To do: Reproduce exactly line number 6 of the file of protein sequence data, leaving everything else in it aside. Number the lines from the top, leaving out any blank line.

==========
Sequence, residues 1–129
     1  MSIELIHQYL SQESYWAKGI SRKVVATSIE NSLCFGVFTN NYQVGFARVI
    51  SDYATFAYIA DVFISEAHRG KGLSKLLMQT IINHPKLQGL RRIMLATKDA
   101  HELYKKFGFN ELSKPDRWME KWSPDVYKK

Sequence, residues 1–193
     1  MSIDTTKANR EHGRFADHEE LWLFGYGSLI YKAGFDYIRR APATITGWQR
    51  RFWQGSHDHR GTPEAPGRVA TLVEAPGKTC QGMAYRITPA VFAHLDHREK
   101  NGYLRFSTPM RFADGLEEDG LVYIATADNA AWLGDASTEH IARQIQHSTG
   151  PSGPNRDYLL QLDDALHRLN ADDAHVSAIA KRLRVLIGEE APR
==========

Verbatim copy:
     1  MSIDTTKANR EHGRFADHEE LWLFGYGSLI YKAGFDYIRR APATITGWQR